While President Biden, NY Mayor Eric Adams, and so many other world leaders have given their full support, the fact that our top universities allow their student body to host pro-terror rallies on campus is atrocious, mind-blowing, and bone-chilling. To quote Douglas Murray, a British author, “To be a Jew is to have a sense of history, to have a sense of memory. We have been here many times before, too many times to count. The objective of Hamas is to kill civilians, innocent people. The objective of civilized democracy is to kill as few civilians as possible. It cannot be said enough that Israel uses the IDF to protect its citizenry, while Hamas uses its citizenry to protect Hamas.”
Golda Meir correctly stated, “We have nowhere else to go.” While we enjoy our lives here in America, make no mistake. If we are not safe in Israel, we are not safe here. Hamas’s goal is to have us run in fear – but we will never do that. Have you seen our soldiers sing, “Am Yisrael Chai”? When we are one, together, we are all powerful. We must keep spreading light in the darkness.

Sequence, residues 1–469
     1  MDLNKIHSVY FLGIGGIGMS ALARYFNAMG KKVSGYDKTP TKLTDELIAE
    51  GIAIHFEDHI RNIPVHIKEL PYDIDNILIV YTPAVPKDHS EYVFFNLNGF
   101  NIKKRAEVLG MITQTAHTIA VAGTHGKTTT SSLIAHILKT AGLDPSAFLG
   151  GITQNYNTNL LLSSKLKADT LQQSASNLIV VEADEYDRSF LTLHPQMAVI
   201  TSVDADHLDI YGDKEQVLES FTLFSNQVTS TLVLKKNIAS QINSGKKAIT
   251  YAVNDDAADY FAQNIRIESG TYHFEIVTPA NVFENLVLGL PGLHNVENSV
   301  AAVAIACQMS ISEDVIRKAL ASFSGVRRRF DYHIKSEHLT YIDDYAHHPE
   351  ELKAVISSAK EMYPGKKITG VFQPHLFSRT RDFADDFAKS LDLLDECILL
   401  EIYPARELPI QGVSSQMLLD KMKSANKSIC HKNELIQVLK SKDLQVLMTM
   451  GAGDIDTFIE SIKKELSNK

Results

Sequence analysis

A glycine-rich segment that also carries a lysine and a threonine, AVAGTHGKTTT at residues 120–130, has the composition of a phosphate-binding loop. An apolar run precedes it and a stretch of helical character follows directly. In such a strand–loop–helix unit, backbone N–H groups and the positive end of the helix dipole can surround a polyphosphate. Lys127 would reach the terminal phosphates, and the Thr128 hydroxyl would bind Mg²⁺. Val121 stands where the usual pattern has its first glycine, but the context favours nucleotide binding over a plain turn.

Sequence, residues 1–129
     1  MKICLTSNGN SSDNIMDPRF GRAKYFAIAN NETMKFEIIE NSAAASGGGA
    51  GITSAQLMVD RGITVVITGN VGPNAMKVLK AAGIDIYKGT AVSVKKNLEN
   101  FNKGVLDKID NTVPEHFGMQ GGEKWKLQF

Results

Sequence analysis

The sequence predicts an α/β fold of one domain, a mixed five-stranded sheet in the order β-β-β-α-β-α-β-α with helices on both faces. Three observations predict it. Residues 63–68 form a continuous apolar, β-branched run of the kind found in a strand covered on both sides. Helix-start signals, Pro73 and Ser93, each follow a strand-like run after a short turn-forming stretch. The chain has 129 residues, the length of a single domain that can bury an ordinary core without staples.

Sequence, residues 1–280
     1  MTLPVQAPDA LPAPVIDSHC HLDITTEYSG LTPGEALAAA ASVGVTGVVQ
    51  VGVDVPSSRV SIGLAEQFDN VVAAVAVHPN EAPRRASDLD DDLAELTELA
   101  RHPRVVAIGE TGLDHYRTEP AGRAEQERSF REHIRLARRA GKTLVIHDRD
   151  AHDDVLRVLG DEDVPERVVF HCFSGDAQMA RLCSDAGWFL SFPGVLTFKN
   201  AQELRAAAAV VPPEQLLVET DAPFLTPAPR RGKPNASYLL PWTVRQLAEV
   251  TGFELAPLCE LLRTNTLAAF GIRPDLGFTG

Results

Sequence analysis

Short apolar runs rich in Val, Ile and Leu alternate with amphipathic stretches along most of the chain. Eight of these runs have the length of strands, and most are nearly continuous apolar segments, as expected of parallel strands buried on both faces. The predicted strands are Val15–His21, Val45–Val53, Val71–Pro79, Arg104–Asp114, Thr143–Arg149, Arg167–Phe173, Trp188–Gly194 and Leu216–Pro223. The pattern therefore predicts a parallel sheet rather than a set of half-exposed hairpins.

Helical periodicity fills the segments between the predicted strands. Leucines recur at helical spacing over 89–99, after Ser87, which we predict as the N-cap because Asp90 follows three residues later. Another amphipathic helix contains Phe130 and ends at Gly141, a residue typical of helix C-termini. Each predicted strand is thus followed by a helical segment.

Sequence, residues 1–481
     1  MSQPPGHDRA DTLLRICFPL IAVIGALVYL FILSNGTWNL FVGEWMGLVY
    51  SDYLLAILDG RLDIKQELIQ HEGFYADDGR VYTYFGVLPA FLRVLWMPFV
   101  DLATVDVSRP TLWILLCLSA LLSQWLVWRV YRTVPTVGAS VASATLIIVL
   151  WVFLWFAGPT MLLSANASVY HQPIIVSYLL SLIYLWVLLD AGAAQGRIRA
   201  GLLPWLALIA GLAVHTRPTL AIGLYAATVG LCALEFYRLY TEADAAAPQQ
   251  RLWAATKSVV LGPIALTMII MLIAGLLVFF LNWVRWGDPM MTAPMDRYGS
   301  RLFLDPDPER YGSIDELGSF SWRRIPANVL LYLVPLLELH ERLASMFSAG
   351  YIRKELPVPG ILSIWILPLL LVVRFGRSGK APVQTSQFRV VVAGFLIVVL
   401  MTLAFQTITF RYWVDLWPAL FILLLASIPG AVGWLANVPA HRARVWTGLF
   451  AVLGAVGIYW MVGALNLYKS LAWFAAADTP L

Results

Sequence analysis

Ana Hashem hoshea na. Ana Hashem hatzlicha na. Gd help us, Gd save us. Say it. Mean it. But most importantly, believe it.
Author’s Note: While I am aware that Hashem is watching over all that I do, this hashgacha pratit often comes in a “Gd wink” that I cannot miss. Thank you, to everyone who shared their stories for this article. When I began, I had no idea what I could possibly say, but each of you spoke about “achdut” and the words flowed. When Rabbi Max’s wife Adele Sutton saw the final work, she was taken aback. On the morning after the attack, Mrs. Sutton happened to be on a chat where the photo of Aviya Genut, a”h, popped up as missing. She began praying for her even as I was writing this, with no knowledge that she would be side by side with her, telling the tale of a horrific moment in time, and the unity of our nation. Please email me anytime, firstname.lastname@example.org